Music Sales Are Music PR

Platinum and Gold certifications now reflect streaming figures, but it’s still very hard to quantify a musician's commercial success.

Mariah Carey receives an RIAA award in 2003. (Rick Wilking / Reuters)

When people talk about commercial success in popular music, they’re often talking about one of three concepts. There’s the reach of a work of music—the number of listeners it gets. There’s perception, or bragging rights. And there’s the money made—arguably the most important metric, almost entirely obscured from public view.

The announcement that the Recording Industry of America will now count on-demand streaming figures when doling out Gold and Platinum certifications for albums means such certifications will better reflect the first aforementioned category: actual listenership. Over the past few years, more and more people have stopped paying to download or physically own albums and started instead consuming music on platforms like Spotify, YouTube, and Apple Music (Pandora, too, but because you don’t get to pick individual songs its data still won’t factor into RIAA certifications). The RIAA’s rule change means those people can push an album to Gold or Platinum status, and that’s a good thing if certification is meant to capture real marketplace interest in a musical work.

But the rule switch-up also makes understanding what exactly Gold or Platinum status means more difficult than ever before. Until now, Gold indicated at least 500,000 copies sold in stores or through platforms like iTunes, while Platinum indicated a million. Now, those numbers are the sum of sales and the equivalent of sales. The formula for equivalency: “1,500 on-demand audio and/or video song streams = 10 track sales = 1 album sale.” The question of whether that’s a “fair” calculation is inherently unanswerable. What’s clear is that certifications will go from being a cut-and-dry benchmark to an approximation.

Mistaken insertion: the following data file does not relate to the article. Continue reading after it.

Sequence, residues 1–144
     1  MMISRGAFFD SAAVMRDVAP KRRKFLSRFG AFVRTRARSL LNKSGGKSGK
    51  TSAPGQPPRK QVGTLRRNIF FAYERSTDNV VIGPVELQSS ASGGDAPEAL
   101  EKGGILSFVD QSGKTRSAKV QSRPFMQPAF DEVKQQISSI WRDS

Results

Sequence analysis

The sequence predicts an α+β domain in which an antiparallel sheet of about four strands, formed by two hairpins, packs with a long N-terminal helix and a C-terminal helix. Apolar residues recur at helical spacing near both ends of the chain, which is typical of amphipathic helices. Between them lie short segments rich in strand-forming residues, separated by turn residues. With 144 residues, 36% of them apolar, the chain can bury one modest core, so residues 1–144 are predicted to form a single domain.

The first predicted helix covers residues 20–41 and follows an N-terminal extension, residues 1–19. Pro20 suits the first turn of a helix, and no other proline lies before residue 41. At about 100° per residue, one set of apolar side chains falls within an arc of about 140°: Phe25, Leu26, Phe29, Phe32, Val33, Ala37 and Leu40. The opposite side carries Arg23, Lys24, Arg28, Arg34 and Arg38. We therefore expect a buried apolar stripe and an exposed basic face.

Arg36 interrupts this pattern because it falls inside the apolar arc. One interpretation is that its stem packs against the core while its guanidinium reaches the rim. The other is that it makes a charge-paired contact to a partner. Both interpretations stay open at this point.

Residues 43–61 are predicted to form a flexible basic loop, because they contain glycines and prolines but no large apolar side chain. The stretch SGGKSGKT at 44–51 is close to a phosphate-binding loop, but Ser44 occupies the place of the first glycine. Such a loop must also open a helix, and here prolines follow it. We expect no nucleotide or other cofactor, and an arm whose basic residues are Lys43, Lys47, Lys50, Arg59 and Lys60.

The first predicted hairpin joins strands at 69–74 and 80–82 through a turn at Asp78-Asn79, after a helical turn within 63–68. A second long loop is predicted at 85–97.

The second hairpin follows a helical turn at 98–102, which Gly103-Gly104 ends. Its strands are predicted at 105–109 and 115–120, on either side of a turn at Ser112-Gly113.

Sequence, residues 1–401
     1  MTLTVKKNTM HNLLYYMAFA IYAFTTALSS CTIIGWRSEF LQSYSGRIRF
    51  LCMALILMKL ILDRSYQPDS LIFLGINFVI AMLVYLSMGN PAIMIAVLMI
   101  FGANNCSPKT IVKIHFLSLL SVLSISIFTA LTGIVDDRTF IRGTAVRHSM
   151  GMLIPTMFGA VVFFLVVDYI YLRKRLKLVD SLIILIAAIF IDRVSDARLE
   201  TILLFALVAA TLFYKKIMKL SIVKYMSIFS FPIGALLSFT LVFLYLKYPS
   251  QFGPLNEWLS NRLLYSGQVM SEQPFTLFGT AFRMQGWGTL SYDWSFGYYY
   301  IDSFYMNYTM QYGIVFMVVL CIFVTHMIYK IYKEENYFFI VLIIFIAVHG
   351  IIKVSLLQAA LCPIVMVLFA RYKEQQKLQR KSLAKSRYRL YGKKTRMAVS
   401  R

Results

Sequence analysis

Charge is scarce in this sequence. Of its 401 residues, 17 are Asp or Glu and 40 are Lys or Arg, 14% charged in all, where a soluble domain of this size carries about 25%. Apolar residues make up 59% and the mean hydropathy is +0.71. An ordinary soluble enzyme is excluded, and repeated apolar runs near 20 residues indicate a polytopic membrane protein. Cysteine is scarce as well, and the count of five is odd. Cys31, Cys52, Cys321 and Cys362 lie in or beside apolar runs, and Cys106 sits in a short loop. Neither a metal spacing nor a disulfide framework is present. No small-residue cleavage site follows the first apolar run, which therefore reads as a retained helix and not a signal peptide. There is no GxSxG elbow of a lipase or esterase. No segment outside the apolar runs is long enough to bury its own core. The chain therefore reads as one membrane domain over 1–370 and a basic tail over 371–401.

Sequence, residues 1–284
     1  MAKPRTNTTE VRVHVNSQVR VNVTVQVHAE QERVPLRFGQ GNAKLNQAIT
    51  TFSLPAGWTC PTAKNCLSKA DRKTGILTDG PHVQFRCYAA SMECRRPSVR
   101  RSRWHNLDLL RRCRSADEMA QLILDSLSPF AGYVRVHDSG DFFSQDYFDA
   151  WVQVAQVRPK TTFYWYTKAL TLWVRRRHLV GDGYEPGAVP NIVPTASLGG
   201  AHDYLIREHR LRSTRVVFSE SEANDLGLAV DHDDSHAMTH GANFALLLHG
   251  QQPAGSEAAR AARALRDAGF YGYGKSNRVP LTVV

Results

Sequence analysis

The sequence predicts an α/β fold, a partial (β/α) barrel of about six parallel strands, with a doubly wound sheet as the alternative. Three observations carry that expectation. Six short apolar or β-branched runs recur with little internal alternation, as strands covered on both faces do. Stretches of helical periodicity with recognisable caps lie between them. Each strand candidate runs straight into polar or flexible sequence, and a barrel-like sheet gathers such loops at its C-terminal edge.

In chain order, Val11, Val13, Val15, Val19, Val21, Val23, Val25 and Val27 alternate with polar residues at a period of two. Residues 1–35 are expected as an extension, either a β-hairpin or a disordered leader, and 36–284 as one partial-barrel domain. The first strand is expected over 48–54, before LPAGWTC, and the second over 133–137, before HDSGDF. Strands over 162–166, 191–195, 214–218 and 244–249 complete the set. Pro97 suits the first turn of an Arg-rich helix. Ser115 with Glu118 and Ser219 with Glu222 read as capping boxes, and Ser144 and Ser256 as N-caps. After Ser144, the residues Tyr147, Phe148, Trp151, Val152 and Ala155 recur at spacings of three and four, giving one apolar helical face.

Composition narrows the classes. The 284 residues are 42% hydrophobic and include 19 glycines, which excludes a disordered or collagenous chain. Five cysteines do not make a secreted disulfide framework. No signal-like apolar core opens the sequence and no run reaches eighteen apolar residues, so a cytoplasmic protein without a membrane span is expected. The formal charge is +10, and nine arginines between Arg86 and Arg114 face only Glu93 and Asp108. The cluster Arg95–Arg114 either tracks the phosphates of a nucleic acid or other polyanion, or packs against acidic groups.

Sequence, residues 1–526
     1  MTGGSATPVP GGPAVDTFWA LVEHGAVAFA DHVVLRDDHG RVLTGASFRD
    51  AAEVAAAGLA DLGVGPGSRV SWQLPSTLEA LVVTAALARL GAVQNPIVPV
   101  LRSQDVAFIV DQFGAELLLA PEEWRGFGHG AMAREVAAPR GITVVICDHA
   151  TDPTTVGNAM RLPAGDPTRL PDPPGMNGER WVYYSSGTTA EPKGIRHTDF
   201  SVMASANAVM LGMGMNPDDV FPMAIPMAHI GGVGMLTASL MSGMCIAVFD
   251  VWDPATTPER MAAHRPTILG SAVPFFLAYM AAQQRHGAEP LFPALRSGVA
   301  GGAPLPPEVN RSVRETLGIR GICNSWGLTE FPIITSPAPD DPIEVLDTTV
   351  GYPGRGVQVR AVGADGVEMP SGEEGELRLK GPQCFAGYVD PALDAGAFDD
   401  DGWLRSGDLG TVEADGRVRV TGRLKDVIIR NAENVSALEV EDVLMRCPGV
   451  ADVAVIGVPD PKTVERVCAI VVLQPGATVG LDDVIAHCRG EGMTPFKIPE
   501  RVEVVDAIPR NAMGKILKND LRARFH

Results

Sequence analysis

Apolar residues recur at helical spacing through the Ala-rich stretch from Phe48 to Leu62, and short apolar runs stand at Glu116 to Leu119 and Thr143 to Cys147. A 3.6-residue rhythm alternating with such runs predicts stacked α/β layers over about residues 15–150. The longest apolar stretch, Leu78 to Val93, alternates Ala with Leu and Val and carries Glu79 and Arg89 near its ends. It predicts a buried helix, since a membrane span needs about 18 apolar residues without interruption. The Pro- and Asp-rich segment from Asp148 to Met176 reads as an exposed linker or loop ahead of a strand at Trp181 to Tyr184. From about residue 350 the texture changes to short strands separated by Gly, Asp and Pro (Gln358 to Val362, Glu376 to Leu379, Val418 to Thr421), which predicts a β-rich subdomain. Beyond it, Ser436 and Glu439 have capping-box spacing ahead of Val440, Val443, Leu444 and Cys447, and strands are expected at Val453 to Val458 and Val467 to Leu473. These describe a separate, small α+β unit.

Should the public mind? Probably not. An album sells what it sells regardless of certification; certificates are only handed out after a record company or musician puts in an application for one. For artists, the incentive to do so is the same incentive to pursue any kind of award: recognition for hard work. For everyone else, Gold and Platinum plaques have always been about that second idea of musical success that I mentioned earlier: appearances. Certificates allow musicians and their record companies to market themselves as successful. They give fans ammo in their online wars against rival fandoms. The RIAA’s own press release makes certifications sound like promotional gimmicks:

Gold & Platinum recognition is often among the most celebrated news in an artist’s social media feed.  The RIAA utilizes a myriad of social media platforms – Twitter, Facebook, Instagram, Flipagram, and a YouTube page – to market and publicize artist award achievements.  The RIAA also recently unveiled a new and Gold & Platinum database where fans can more easily search and share the award recognition.

That third version of commercial success, how much money a song or album has made, remains hard to talk about. Remember, RIAA awards are a marker of thresholds—an album can sell anywhere between 1,000,000 and 1,999,999 copies and still be Platinum. The other widely used commercial metric in music, Nielsen Soundscan, does keep precise sales and streaming totals, but much of that is only available to subscribers. The Billboard charts simply use those totals to render success in the relative terms of a ranking. And even when the public does know the full consumption figures for a work of music, that’s far from a full portrait of financial success.

It’s always been the case that the amount an artist makes from an individual sale—as opposed to how much the record company or distributor profits—has been confidential. But today, the picture is even less clear. That’s in part because streaming payouts are famously complicated and mutable. It’s also because in many cases, profitability has been largely decoupled from sales in favor of merchandising, touring, and, of increasing importance, sponsorships.

Take the case of Rihanna’s new album, Anti. On Friday, The New York Times reported that by Nielsen’s count, only 460 copies had been sold. That’s a shockingly low number, but as the reporter Ben Sisario wrote, it’s surely so small only because of quirks of rules and timing. As I wrote the same day, the RIAA certified Anti platinum within 14 hours of it hitting the Internet—apparently because Samsung, with whom Rihanna’s signed a reported $25 million marketing deal, bought up a million album copies that were then gifted to fans who typed in a download code. Nielsen doesn’t count such free promotions in its numbers; the RIAA does, on the theory that they still reflect consumer demand for an album. One measure of counting is certainly better for Rihanna’s publicity machine. Neither tells anyone how much money she’s made.